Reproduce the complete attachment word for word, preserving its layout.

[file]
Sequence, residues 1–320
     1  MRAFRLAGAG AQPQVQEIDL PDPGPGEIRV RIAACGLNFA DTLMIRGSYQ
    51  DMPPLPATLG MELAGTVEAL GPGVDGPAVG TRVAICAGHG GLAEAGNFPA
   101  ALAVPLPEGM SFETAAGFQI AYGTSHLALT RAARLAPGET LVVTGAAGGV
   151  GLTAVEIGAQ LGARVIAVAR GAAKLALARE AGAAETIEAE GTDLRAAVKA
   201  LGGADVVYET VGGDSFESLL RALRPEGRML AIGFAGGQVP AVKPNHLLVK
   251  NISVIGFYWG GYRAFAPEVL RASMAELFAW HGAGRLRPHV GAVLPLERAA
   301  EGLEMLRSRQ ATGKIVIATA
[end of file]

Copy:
Sequence, residues 1–320
     1  MRAFRLAGAG AQPQVQEIDL PDPGPGEIRV RIAACGLNFA DTLMIRGSYQ
    51  DMPPLPATLG MELAGTVEAL GPGVDGPAVG TRVAICAGHG GLAEAGNFPA
   101  ALAVPLPEGM SFETAAGFQI AYGTSHLALT RAARLAPGET LVVTGAAGGV
   151  GLTAVEIGAQ LGARVIAVAR GAAKLALARE AGAAETIEAE GTDLRAAVKA
   201  LGGADVVYET VGGDSFESLL RALRPEGRML AIGFAGGQVP AVKPNHLLVK
   251  NISVIGFYWG GYRAFAPEVL RASMAELFAW HGAGRLRPHV GAVLPLERAA
   301  EGLEMLRSRQ ATGKIVIATA